Indy mayor, religious group join opposition

Indianapolis Business Journal

Indianapolis Mayor Greg Ballard and a major religious group have joined a growing list of civic and business leaders expressing opposition to Indiana’s controversial religious freedom restoration bill, which will become law unless vetoed by Gov. Mike Pence.

Ballard issued a written statement Wednesday saying the bill “sends the wrong signal” about Indiana.

“I don’t believe this legislation truly represents our state or our capital city,” the mayor said in the statement. “Indianapolis strives to be a welcoming place that attracts businesses, conventions, visitors and residents. We are a diverse city, and I want everyone who visits and lives in Indy to feel comfortable here.”

The legislation, Senate Bill 101, would prohibit any state laws that “substantially burden” a person’s ability to follow his or her religious beliefs and has a definition of a person that includes religious institutions, businesses and associations.

Groups supporting the measure said it would prevent the government from compelling people to provide services such as catering or photography for same-sex weddings or other activities they find objectionable for religious reasons.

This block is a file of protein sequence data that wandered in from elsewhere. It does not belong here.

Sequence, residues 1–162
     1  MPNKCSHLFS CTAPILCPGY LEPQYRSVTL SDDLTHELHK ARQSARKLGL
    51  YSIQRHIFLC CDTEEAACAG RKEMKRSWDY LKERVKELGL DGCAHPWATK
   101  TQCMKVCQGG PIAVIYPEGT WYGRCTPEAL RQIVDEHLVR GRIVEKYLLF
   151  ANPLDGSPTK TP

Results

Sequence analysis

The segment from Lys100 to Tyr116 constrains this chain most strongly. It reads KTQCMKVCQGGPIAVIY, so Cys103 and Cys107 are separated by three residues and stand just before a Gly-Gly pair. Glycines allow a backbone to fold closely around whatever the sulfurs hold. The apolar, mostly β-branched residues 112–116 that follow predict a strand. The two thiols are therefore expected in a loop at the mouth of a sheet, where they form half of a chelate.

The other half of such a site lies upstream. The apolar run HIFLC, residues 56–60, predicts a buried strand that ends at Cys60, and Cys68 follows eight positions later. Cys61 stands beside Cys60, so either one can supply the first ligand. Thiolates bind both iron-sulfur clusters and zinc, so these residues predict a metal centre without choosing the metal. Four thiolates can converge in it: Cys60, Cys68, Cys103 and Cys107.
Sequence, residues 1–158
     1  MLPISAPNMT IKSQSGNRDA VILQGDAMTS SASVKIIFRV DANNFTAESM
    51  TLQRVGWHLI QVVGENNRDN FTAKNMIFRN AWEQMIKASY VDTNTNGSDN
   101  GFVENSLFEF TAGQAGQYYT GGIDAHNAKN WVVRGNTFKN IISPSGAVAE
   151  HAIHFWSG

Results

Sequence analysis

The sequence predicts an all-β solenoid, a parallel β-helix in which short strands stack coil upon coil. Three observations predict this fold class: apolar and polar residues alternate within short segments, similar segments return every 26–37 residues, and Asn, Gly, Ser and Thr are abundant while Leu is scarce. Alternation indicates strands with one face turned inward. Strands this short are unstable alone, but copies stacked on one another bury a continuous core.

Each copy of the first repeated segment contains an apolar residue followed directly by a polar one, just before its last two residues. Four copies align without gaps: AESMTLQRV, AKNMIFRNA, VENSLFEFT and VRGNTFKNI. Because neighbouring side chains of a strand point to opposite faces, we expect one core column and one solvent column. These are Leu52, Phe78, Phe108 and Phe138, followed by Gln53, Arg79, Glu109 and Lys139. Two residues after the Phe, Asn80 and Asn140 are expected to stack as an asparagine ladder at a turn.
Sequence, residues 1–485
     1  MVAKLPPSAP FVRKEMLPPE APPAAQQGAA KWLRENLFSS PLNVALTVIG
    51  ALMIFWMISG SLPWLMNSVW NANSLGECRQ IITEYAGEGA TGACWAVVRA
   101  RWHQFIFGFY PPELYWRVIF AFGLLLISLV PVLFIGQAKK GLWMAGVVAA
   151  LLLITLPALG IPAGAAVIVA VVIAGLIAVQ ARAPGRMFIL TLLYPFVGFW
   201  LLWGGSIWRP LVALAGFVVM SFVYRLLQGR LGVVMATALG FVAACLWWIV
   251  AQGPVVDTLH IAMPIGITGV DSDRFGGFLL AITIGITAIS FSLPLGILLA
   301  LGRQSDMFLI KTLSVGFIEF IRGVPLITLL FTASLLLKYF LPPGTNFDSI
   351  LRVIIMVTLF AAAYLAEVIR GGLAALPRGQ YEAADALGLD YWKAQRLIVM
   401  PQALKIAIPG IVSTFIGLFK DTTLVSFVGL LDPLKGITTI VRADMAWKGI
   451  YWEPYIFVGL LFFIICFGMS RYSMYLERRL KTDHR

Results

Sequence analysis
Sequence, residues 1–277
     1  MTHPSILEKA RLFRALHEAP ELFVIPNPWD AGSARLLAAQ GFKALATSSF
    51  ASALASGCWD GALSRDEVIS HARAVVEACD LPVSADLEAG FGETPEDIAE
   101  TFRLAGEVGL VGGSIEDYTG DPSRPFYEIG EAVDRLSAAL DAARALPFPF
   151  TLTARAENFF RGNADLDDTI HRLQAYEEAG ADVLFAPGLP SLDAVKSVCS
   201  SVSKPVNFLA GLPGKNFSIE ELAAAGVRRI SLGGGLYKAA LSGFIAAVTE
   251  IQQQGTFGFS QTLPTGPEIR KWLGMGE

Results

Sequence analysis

Opponents said the law could provide legal cover for discrimination against gay people.

Also on Wednesday, the Christian Church (Disciples of Christ) wrote a letter to Pence that said the bill “will be a factor in whether we continue with our plans to hold an assembly in Indianapolis in 2017.”

The organization, a mainline Protestant Christian group that has been headquartered in Indianapolis for nearly 100 years, draws about 6,000 visitors to its general assemblies, which take place every other year. The organization has more than 625,000 members in 3,600 congregations.

“We find (the legislation) contrary to the values of our faith — as well as to our national and Hoosier values,” the letter said. “Our nation and state are strong when we welcome people of many backgrounds and points of view. The free and robust exchange of ideas is part of what makes our democracy great.”